Gary, Indiana – Regardless of the state in which you reside, certain towns and cities can pose significant challenges in securing employment, ensuring personal safety, or simply experiencing joy in everyday life.
Indiana, the Hoosier State, is no exception. It hosts a myriad of wonderful places to settle down, but also presents a selection of less desirable options.
24/7 Wall St., in an endeavor to identify the least desirable place to live in each state, has constructed a weighted index comprised of more than two dozen parameters. All boroughs, census-designated locations, cities, towns, and villages, with a population exceeding 8,000, were considered.
According to this comprehensive assessment by 24/7 Wall St., Gary emerges as the least preferable place to live in Indiana.
Gary has infamously been recognized as one of the most dilapidated cities in the United States, illustrating the devastating impacts of the loss of local manufacturing jobs.
Once a thriving steel industry hub, Gary has experienced a drastic population decrease of 55% from its pinnacle in the 1960s due to international competition and industrial restructuring. Presently, a large portion of the city remains uninhabited, grappling with substantial social issues such as poverty, unemployment, and crime.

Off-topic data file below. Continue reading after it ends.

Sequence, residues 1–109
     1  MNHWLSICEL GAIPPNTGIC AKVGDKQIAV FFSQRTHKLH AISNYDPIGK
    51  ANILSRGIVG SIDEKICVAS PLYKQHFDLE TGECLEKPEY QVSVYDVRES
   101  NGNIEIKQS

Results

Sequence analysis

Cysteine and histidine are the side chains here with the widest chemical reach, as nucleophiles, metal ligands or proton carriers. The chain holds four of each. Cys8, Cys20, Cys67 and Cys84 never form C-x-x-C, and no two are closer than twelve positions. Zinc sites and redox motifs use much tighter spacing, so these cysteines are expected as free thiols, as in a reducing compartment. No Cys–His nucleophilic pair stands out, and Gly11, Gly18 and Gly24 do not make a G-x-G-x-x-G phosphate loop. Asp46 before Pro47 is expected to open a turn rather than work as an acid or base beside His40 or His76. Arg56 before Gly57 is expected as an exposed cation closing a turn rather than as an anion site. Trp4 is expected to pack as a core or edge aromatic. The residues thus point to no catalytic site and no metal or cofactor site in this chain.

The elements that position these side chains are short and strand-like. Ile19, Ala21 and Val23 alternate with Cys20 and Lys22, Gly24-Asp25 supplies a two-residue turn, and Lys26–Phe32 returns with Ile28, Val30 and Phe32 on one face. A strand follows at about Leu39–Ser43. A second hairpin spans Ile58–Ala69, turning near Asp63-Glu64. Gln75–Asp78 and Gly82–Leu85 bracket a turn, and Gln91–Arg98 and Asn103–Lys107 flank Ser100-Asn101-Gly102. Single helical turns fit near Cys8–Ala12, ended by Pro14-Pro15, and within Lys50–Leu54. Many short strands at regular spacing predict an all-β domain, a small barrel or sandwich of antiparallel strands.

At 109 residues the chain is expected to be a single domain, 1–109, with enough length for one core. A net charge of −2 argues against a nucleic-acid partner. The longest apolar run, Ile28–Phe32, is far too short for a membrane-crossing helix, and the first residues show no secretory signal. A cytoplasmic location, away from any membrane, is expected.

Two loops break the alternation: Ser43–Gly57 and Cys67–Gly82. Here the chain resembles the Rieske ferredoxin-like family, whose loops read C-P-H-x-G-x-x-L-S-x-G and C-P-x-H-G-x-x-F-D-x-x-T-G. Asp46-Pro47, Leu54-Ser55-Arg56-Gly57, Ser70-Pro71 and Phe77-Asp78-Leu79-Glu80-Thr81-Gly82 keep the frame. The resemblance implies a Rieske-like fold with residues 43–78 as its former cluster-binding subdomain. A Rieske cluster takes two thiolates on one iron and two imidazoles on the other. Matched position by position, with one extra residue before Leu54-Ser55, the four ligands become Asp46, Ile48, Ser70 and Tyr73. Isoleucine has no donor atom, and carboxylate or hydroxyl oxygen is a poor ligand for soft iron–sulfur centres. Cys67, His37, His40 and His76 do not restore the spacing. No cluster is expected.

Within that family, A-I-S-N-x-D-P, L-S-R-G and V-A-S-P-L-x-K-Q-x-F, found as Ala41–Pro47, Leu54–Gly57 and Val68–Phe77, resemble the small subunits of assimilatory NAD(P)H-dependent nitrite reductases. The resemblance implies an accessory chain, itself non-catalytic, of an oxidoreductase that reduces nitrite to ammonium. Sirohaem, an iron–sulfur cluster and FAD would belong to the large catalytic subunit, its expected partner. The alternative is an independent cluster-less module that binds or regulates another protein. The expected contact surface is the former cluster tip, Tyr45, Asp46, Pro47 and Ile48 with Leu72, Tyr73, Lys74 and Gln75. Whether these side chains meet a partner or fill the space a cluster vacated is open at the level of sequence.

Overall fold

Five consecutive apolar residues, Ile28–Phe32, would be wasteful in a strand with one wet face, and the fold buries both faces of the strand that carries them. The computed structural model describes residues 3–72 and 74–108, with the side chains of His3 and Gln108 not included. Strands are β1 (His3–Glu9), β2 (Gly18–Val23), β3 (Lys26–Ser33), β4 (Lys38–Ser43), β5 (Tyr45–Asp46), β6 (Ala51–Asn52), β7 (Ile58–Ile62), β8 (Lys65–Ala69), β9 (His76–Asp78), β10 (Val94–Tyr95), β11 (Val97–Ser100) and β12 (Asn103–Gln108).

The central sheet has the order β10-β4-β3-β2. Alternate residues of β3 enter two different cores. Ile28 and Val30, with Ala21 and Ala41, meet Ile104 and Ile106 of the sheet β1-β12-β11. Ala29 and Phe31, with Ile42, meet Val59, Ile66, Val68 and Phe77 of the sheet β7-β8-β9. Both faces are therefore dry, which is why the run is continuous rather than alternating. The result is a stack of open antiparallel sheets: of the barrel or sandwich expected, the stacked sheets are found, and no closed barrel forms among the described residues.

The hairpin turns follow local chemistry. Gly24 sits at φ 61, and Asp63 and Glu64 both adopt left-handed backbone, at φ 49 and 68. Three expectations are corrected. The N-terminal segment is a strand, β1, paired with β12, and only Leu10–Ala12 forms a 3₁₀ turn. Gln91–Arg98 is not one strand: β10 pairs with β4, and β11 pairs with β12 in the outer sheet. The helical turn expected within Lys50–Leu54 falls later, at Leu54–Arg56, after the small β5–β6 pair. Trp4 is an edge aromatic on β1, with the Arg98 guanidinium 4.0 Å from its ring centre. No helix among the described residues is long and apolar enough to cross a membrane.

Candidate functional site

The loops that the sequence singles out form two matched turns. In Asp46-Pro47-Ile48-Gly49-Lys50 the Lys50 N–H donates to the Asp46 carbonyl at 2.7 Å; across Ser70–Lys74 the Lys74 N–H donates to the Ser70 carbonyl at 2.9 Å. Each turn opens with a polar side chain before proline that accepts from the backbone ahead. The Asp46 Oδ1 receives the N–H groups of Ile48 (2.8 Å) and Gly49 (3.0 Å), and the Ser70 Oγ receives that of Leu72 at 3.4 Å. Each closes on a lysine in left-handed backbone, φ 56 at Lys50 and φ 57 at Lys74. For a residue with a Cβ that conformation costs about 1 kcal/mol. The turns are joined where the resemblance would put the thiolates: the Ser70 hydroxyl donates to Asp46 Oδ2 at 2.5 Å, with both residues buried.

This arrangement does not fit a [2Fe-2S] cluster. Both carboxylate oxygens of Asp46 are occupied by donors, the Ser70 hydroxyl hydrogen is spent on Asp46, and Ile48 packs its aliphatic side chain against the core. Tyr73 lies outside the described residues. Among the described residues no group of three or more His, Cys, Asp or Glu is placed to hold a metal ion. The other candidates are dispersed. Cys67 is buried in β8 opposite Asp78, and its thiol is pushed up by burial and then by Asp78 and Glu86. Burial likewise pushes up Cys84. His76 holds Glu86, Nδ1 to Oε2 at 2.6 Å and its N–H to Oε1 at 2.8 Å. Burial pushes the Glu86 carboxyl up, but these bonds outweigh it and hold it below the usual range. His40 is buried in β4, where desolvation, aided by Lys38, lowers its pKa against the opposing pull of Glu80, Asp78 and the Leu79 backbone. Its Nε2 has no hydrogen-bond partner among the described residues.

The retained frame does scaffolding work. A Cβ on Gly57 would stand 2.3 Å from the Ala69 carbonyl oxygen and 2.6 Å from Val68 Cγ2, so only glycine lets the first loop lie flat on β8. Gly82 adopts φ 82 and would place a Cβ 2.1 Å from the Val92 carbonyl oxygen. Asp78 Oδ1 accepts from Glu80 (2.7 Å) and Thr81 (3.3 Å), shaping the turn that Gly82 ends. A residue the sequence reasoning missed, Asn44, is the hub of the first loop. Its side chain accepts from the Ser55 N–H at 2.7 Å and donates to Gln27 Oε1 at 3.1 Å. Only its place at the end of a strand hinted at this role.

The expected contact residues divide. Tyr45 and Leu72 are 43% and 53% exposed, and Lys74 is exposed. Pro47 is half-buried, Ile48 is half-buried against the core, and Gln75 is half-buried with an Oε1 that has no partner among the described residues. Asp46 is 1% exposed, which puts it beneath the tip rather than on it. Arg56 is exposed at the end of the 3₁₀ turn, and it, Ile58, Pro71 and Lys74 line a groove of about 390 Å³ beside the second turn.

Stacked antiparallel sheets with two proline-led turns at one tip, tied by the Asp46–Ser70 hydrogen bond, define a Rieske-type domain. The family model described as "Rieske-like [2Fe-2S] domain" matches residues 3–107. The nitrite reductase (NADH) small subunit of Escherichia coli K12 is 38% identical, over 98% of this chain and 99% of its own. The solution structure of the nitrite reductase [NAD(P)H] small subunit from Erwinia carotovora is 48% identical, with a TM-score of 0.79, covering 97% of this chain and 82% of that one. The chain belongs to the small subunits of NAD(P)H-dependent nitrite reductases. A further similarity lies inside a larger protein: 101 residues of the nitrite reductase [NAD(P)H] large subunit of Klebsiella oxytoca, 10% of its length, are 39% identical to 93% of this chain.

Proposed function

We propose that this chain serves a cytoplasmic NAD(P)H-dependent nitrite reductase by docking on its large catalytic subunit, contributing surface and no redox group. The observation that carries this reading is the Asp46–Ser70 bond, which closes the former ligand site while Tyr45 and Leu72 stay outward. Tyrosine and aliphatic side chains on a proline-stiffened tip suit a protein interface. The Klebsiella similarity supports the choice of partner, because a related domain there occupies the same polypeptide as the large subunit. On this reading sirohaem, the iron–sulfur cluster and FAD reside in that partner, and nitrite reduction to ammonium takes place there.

Gary’s statistics are among the most distressing in the entire state. Over a third of its inhabitants live under the poverty line, and it is estimated that 8% of the population is unemployed. Furthermore, the city’s crime rate surpasses at least a quarter of all cities nationwide.
It might not come as a surprise that Gary is labeled as the least desirable city to live in Indiana, but there might be a glimmer of hope for this beleaguered city. Over the coming decades, Gary may have the potential for regeneration.
The city’s architectural heritage, historical significance, waterfront location, and proximity to Chicago could make it a prime candidate for gentrification. Provided the necessary resources, Gary could transform, as it presents a significant opportunity for urban renewal.